Everyone has a unique starting point in one’s own memory. For Li Lang, it all started in 1974. His work “1974” consists of 390 slides playing in a loop, accompanied by the artist’s voice-over of 4 stories extracted from his memory of 1974, a summary of the important events of that year, and vignettes of the voice-over on the site.
As an artist who mainly works with photographic images, Li Lang has inserted his observations of history and images in the fuzzy zone between reality and fiction, as well as his reflections on the contradictions and conflicts between them. The slides in „1974“ come from vintage photographs that he collected over the years from different sources, including studio portraits, travel photos, snapshots of work and everyday life scenes, etc. After putting them into different categories, Li hand-labeled them with dates based on a fictional timeline. Thus, these vintage photographs are removed from their original contexts and become his memory metaphors which are later framed into his own narration.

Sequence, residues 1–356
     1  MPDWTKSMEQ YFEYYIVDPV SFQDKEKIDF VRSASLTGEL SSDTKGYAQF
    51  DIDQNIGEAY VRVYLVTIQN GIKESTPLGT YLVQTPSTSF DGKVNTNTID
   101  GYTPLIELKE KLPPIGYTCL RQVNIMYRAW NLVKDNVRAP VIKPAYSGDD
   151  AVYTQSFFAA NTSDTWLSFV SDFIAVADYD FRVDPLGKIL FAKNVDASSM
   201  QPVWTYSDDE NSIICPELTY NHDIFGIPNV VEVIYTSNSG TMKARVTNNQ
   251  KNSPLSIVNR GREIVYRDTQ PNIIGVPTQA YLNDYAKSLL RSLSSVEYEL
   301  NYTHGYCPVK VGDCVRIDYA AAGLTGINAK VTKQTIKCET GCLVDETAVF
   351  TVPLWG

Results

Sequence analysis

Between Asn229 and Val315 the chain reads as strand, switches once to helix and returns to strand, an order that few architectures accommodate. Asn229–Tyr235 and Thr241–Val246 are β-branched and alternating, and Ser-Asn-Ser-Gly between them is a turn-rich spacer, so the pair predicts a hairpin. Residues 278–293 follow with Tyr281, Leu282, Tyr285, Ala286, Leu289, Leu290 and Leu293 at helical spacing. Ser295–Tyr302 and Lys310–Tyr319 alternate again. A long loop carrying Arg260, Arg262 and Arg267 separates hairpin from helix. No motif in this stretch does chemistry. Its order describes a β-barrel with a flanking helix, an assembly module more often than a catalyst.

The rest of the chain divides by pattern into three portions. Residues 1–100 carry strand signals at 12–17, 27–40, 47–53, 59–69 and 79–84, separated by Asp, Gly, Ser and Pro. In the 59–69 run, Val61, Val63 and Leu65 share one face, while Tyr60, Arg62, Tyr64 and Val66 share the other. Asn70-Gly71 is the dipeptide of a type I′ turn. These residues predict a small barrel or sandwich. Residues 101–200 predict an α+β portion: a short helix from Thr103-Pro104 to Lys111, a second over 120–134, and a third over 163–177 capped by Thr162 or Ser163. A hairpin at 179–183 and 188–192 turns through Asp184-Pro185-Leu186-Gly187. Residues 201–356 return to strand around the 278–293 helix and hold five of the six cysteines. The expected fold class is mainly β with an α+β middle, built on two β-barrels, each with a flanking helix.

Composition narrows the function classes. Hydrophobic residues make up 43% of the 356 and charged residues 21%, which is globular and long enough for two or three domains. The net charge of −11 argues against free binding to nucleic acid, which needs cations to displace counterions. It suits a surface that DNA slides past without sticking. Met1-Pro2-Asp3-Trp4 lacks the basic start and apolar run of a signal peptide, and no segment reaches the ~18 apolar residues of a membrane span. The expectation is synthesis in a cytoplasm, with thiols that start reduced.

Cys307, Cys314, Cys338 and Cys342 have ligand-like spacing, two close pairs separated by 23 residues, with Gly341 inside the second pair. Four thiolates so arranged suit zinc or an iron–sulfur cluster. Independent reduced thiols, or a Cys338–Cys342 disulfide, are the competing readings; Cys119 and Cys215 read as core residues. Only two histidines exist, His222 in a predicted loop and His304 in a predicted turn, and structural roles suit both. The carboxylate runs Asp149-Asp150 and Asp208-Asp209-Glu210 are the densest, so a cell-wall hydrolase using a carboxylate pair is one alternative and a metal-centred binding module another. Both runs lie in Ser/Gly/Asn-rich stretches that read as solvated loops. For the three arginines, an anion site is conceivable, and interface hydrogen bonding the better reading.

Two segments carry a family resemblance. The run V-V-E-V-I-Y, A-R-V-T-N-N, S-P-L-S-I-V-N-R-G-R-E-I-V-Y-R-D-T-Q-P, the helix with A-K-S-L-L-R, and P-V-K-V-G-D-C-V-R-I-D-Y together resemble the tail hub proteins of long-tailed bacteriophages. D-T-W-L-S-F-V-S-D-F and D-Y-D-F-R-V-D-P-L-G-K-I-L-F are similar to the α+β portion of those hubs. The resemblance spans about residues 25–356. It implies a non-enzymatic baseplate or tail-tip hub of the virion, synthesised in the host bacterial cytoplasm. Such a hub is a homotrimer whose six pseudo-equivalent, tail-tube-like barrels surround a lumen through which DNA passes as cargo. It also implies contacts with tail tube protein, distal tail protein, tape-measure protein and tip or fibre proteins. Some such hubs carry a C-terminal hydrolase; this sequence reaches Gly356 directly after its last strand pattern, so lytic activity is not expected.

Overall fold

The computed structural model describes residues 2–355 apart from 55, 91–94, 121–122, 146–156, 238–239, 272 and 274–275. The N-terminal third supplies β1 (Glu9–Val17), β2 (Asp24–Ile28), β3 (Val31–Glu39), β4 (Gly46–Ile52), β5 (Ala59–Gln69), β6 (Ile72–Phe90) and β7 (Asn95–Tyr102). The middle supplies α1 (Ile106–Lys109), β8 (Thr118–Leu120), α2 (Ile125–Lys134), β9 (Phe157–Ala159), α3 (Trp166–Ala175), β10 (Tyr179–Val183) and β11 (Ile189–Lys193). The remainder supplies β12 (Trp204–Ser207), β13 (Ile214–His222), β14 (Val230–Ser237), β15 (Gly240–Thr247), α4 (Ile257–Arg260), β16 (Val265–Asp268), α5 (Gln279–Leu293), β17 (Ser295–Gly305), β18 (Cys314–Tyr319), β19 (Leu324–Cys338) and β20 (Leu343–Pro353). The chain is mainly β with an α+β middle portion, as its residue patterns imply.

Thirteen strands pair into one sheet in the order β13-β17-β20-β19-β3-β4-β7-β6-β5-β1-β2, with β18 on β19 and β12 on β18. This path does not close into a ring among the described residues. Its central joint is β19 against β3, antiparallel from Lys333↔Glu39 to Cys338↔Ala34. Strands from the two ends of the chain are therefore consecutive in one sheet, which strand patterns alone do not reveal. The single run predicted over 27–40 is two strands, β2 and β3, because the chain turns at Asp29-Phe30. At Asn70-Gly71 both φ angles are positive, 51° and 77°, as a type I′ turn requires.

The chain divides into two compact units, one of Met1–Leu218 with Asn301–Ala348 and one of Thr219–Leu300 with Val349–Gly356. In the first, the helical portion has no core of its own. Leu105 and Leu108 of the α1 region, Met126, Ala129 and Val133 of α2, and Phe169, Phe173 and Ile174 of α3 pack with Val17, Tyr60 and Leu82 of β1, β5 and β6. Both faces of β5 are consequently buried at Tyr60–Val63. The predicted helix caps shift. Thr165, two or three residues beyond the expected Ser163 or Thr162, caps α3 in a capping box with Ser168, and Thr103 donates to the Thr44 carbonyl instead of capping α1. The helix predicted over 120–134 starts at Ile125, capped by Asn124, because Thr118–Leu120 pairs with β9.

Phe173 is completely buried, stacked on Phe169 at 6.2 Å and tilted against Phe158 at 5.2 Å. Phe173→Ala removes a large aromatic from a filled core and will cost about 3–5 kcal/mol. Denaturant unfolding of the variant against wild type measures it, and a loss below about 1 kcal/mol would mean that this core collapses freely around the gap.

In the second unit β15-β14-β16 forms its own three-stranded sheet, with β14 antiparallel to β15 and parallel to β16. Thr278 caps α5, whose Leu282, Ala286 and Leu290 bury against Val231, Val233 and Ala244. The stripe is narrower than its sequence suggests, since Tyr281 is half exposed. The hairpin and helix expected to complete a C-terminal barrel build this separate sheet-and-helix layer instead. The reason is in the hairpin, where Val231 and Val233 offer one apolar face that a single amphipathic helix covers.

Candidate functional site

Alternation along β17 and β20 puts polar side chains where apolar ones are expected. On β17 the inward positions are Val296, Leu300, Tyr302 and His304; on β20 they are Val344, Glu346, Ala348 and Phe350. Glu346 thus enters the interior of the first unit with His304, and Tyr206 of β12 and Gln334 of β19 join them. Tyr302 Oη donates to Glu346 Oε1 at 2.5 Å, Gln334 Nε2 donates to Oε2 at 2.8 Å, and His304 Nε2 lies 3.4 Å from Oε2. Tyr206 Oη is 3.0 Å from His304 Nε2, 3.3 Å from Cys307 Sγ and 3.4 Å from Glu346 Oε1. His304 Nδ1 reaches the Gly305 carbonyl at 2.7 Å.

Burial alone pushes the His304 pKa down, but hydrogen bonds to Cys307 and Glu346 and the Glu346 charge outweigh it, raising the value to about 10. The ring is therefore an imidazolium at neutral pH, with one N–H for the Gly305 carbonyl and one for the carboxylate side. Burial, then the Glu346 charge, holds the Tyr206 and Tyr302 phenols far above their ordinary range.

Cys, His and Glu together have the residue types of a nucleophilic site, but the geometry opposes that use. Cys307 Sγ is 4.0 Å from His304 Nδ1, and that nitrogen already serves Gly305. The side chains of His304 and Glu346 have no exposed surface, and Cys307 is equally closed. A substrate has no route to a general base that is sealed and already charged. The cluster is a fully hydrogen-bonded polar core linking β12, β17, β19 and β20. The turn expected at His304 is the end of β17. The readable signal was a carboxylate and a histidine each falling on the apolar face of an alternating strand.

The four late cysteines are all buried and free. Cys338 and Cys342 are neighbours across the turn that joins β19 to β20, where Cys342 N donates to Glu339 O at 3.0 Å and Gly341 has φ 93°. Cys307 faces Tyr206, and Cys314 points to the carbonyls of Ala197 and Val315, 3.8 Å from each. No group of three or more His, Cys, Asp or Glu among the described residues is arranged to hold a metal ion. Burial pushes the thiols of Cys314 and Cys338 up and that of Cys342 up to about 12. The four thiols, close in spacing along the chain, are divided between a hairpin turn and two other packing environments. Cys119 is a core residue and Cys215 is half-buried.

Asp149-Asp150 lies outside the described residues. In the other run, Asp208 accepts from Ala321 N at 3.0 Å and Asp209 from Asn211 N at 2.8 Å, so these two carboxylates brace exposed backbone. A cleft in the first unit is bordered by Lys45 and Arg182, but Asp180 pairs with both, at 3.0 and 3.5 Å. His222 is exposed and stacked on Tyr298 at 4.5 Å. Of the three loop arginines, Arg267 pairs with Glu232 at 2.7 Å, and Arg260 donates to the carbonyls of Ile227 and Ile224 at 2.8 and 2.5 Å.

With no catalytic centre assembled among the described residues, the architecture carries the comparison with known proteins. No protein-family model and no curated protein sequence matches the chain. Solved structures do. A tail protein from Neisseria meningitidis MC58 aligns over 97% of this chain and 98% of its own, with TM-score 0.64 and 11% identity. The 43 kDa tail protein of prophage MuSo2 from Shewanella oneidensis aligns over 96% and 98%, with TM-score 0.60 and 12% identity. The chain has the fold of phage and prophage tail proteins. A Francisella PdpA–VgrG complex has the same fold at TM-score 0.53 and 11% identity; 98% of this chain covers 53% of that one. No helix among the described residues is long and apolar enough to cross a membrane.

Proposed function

Li Lang’s work reconstructs his imagination of the starting point in his memory through voice-over and vintage photos. Images and texts are no longer just traces of the past. They also explore the potential dialogue with reality in the gap between light and shadow. Li never asks the audience to accept his narrative of history. Instead, he invites us to join him as an explorer of the past.
Li Lang (b. 1969) is a visual artist, currently lives and works in Chengdu, China. Beginning his photographic career in the 1990s, Li was awarded The Special Jury Prize by Lianzhou Foto Festival in 2015 with Father and the Mother Jones Medal of Excellence in 1999 with The Yi People. Li’s work has been widely exhibited in China and abroad. His work is collected by the Art Gallery of Ontario in Canada, A4 Art Museum, Guangdong Museum of Art and Shanghai Art Museum in China, Instituto Valenciano de Arte Moderno in Spain and San Francisco Museum of Modern Art in USA.
Li has often experimented with a deliberately subjective approach in his documentary, as it highlights the photographer’s perspective of the subject or the visual language at play.